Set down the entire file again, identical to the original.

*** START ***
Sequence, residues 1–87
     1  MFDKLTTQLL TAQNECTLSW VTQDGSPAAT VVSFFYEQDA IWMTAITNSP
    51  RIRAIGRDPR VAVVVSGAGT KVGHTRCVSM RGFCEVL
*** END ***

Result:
Sequence, residues 1–87
     1  MFDKLTTQLL TAQNECTLSW VTQDGSPAAT VVSFFYEQDA IWMTAITNSP
    51  RIRAIGRDPR VAVVVSGAGT KVGHTRCVSM RGFCEVL